The local (i.e. specific to this precise situation) elasticity of my consumption Q(ki) to the price P2 can be estimated, in a first approximation, as

e = ∆ Q(ki) / ∆P2 = 100 000 kWh per €1

The first thing to notice about this elasticity is that it is exactly contrary to what you see in my lectures, and what you can read in textbooks, about the demand function. The basic law of demand says something like: the greater the price, the lower the consumers’ willingness to buy. Here, we have something contrary to that law: greater consumption of energy is associated with a higher price, through a positive elasticity. I am behaving contrarily to the law of demand. In science, we call such a situation a paradox. Yet, notice that it is a local paradox: I cannot keep on increasing my personal consumption of electricity ad infinitum, even in the presence of a constant price. At some point, I have to start saving energy and increase my consumption just as much, as the prices possibly fall. So, generally, as opposed to locally, I am likely to behave in conformity with the law of demand. Still, keep in mind that in real life, paradoxes abound. It is not obvious at all to peg down a market equilibrium exactly as shown in textbooks. Most real-life markets are imperfect markets.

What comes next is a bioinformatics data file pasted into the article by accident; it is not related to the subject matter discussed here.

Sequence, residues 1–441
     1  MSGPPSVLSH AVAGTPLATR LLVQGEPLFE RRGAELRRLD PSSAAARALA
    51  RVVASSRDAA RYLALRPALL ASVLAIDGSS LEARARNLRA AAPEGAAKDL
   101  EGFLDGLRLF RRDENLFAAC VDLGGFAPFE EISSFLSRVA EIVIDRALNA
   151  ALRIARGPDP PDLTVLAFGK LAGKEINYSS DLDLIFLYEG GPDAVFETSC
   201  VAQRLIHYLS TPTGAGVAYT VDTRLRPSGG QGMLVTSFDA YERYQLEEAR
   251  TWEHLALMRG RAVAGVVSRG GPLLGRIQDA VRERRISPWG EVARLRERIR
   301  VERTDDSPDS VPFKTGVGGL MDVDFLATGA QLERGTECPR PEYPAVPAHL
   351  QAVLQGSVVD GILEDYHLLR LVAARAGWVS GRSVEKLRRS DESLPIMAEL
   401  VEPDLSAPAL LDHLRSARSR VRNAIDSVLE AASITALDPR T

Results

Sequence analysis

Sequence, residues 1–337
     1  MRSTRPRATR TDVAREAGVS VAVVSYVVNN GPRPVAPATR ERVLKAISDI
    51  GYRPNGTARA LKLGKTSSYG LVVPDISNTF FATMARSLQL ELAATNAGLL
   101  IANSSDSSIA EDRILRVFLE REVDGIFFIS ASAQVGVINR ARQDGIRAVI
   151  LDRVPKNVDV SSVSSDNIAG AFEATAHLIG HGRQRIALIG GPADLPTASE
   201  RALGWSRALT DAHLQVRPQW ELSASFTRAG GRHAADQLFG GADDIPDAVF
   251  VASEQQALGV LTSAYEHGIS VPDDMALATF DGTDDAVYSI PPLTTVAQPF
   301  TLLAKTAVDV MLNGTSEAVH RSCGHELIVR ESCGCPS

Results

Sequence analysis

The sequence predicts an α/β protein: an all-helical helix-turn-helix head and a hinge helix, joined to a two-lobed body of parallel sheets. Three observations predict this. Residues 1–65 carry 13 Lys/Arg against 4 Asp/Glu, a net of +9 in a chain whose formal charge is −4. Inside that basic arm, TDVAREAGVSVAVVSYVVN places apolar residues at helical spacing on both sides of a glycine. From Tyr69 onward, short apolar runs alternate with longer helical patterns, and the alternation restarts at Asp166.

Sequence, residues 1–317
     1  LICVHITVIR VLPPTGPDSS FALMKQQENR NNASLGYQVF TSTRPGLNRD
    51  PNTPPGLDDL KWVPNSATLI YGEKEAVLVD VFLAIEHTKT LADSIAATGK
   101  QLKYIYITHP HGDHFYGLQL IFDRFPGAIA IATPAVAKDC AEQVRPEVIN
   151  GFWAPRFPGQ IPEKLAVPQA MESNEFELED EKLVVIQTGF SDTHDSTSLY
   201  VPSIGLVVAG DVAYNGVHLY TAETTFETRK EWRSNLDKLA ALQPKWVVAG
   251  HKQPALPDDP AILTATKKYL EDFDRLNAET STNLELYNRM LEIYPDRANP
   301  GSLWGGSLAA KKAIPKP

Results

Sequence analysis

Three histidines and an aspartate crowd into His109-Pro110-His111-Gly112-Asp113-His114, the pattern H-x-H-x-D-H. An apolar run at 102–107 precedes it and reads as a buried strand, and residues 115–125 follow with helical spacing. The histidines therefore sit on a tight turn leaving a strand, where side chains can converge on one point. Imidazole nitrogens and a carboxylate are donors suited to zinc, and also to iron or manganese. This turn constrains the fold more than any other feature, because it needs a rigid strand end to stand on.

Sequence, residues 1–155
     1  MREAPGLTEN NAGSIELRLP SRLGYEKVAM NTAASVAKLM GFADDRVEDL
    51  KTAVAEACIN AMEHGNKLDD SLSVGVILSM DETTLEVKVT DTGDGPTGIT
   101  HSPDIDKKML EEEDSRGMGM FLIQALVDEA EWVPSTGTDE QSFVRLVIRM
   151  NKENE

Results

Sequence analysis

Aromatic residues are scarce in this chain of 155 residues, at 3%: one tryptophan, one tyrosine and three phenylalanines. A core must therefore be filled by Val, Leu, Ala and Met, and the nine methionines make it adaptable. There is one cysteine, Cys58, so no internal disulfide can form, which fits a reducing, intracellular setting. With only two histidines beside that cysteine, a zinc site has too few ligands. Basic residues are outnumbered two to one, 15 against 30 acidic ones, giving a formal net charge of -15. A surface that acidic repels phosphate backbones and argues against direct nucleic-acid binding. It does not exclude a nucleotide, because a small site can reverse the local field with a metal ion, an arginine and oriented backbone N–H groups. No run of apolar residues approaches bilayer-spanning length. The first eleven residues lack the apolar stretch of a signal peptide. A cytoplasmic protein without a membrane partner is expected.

Now, if you look at this demand function, you can find it a bit distant from how you consume electricity. I mean, personally I don’t purposefully maximize the quantity of kilowatt-hours consumed. I just buy stuff powered by electricity, like a computer or a refrigerator, I plug it in, I turn it on, and I use it. Sometimes, I vaguely practice energy saving, like turning off the light in rooms where I am not currently staying. Anyway, my consumption of electricity Q(ki) is determined by the technology T I have at my disposal, which, in turn, consists of a set M = {g1, g2, …, gm} of goods powered by electricity: fridge, computer, TV set etc. We say that each j-th good gj, in the set M, is a complementary good to electricity. I can more or less accurately assume that an average refrigerator consumes x1(fridge) kWh, whilst an average set of house lighting burns x2(lighting) kWh. We can slice subsets out of the set N of consumers: N1 people with fridges, N2 people with air conditioners etc. With Q(gj) standing for the consumption of electricity in a given item powered with it, I can write:

 Q(ki) = N1*Q(g1) + N2*Q(g2) + …+ Nm*Q(gm) = [Be(ki) – P1] / P2

It means that, besides being elastic on my budget and the prices of electricity, my individual demand for a given amount of kilowatt-hours is elastic on the range of electricity-powered items I possess, and this, in turn, means that it is elastic on the budget I spend on those pieces of equipment, as well as on the prices of those goods (with a given budget to spend on houseware, I am more likely to buy a cheaper fridge rather than a more expensive one).